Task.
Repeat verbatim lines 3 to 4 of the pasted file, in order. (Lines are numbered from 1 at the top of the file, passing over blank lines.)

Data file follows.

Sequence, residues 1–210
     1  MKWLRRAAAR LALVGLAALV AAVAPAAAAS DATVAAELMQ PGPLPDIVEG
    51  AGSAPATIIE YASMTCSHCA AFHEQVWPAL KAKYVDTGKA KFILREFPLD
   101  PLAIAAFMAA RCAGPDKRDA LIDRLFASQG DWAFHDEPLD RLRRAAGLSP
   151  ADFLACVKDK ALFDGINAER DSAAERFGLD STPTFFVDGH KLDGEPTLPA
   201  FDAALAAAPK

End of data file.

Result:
    51  AGSAPATIIE YASMTCSHCA AFHEQVWPAL KAKYVDTGKA KFILREFPLD
   101  PLAIAAFMAA RCAGPDKRDA LIDRLFASQG DWAFHDEPLD RLRRAAGLSP